Wednesday, September 27, 2017

322. Numbers and Letters for Gordon Bottomley

Charles Ricketts designed several bindings for plays by Gordon Bottomley (1874-1948). In November 1921, Constable & Company Limited published a volume containing two of Bottomley's plays, Gruach and Britain's Daughter.

The cover design by Ricketts looked like a stage design with a building, towers, a stable with a horse, steps, a door and the silhouette of a draped person. Ricketts's intention had been to have the design in gold on white buckram, but due to the cost of gold after the Great War, most copies were bound in red buckram having the design in yellow. Only sixty copies were bound in white cloth with the design in gold. 

Charles Ricketts, design for Gordon Bottomley,
Gruach and Britain's Daughter (1921) (detail)
As customary with deluxe editions, the limitation statement only appeared in the deluxe copies. The ordinary copies in red buckram mentioned the binding design and the copyright statement.

Gordon Bottomley, Gruach and Britain's Daughter (1921)
For the deluxe edition of sixty numbered copies four text lines were added stating:

Of this edition have been issued fifty numbered copies for sale, and ten (lettered A-J) not for sale. No. 

Gordon Bottomley, Gruach and Britain's Daughter (1921)
Bottomley numbered and signed the copies in brown ink, and he (or his publisher) added a line of dots on which Bottomley (or the publisher) placed the written number (the dots were not printed).

The ten lettered copies were individually lettered on the press.

Gordon Bottomley, Gruach and Britain's Daughter (1921)

Wednesday, September 20, 2017

321. The 2017 Alphabet: O

O is for On.

On Hellespont, guilty of true love's blood,
In view and opposite two cities stood,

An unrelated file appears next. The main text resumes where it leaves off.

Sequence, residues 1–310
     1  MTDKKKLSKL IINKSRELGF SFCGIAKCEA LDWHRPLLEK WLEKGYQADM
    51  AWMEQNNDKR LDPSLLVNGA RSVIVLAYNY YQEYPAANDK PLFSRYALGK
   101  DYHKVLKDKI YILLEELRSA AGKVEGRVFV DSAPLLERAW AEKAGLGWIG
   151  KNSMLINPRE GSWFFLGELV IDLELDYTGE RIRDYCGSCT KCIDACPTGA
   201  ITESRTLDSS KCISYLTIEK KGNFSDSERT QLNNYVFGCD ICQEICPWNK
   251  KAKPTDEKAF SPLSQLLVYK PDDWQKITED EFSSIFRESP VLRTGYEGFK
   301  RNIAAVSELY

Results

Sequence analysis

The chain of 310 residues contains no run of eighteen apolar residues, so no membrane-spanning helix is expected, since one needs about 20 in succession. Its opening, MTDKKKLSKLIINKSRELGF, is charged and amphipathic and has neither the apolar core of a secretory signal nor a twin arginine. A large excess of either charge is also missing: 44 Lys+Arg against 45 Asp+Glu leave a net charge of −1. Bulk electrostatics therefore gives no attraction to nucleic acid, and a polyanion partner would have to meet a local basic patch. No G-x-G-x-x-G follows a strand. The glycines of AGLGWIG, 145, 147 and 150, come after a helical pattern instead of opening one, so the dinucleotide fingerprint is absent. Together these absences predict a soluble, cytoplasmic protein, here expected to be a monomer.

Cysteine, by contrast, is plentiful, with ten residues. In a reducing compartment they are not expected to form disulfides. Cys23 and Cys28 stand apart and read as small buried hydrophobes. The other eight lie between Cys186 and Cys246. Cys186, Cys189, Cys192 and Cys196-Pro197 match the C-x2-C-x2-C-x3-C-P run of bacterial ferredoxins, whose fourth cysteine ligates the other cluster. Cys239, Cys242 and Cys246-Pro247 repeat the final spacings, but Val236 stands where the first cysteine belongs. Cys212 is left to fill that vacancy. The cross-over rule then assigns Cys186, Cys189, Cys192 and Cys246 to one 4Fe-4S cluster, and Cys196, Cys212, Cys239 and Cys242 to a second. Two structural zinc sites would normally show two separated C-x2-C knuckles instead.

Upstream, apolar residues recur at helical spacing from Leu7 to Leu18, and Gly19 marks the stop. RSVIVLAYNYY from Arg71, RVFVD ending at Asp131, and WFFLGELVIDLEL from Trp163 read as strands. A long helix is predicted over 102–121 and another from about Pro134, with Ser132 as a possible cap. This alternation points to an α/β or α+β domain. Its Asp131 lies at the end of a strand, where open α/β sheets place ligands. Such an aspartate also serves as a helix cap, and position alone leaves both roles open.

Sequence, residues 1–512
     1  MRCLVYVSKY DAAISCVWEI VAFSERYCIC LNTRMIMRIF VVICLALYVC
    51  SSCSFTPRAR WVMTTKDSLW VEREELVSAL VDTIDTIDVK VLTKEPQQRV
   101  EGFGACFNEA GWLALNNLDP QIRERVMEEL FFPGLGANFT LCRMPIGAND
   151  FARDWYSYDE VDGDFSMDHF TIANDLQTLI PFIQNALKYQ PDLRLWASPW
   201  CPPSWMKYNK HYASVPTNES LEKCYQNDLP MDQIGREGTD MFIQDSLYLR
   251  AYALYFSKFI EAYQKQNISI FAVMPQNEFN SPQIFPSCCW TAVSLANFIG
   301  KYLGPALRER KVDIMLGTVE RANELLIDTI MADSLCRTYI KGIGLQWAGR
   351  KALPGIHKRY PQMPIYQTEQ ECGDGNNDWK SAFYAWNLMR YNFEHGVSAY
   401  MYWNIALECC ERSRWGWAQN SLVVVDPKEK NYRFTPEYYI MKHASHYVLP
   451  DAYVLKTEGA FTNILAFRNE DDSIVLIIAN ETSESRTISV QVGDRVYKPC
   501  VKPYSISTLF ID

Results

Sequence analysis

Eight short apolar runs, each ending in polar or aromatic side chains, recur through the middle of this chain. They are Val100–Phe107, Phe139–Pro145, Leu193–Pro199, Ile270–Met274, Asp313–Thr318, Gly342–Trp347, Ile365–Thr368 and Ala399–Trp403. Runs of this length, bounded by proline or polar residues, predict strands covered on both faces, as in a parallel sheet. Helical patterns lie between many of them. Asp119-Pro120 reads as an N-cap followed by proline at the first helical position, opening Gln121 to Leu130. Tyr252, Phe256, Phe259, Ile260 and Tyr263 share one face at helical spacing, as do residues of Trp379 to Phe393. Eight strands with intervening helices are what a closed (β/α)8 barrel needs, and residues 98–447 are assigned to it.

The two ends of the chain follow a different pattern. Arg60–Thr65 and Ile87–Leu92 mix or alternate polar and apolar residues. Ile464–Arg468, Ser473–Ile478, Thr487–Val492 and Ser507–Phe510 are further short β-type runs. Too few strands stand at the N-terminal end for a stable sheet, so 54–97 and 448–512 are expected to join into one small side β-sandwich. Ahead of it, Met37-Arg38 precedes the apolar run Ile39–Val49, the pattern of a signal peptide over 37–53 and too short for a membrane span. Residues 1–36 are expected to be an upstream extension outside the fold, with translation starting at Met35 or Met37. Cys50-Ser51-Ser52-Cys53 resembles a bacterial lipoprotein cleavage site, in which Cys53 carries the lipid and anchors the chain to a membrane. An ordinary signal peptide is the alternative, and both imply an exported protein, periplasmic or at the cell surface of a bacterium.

Seaborderes, disjoined by Neptune's might;
The one Abydos, the other Sestos hight.

Christopher Marlowe and George Chapman, Hero and Leander,
decorated by Charles Ricketts and Charles Shannon (1894)
In June 1894, the Bodley Head in London published an edition of Christopher Marlowe's and George Chapman's poem Hero and Leander. The book contained 7 wood-engravings, a border, and seven decorated initials.

Only four initials needed to be drawn, as one could be used four times: 'B' (page 26), 'C' (opposite page 5), 'N' (pages 41, 59, 75, 97), and 'O' (page 5). The letters 'B', 'N', and 'O' belonged to one family (29x29 mm), the 'C' is much smaller (13x20 mm), and somewhat different in design. These were not used in any other book by Ricketts and Shannon. There were two prospectuses for Hero and Leander, and the earliest of these contained an initial 'I' that had been used before, and would not occur in the book.

Christopher Marlowe and George Chapman, Hero and Leander,
decorated by Charles Ricketts and Charles Shannon (1894)
The initials depict leaves and stems of laurel, one of Ricketts's favourite design elements; he used it for several borders. The larger ones have a peculiar propeller pattern, especially the 'N' and 'O'.

Charles Ricketts, initials 'B', 'N', and 'O' (1894)
The 'O' is the first one to appear in the book, and the small black leaves are not very different from those in the smaller initial 'C'. However, the larger, white leaves form a centrifugal pattern, suggesting rotation, referring to whirling waters, the waves that will form the graves of Leander and Hero in this version of the poem.

Wednesday, September 13, 2017

320. The 2017 Alphabet: N

N is for Noli me tangere.

And graven with diamonds in letters plain,
There is written her fair neck, round about;
Noli me tangere; for CAESAR's I am,
And wild for to hold though I seem tame.

Thomas Wyatt, sonnet decorated by Charles Ricketts (1892)
The initial 'N' appears in the 13th line of the sonnet by Thomas Wyatt, spelled Wyat by Ricketts in his rendering of the text for The Magazine of Art of September 1892. His calligraphy of the poem accompanied a large illustration, showing Anne Boleyn in The Tower of London before her execution.

Thomas Wyatt, sonnet decorated by Charles Ricketts (1892)
The sonnet is said to have been written by Thomas Wyatt (1503-1542) for Anne Boleyn (1501?-1536). The phrase 'Noli ne tangere', meaning, Don't touch me, being a biblical reference, can also be read in association with King Henry VIII, whose deer one was not allowed to hunt. Wyatt compares his beloved to a hind, because although one can love the deer, the deer will not be aware of one's love for it. Best to give up.

The important message - don't touch the lady - appears only in the last lines of the poem, but Ricketts added the phrase to the initial at the beginning of the poem.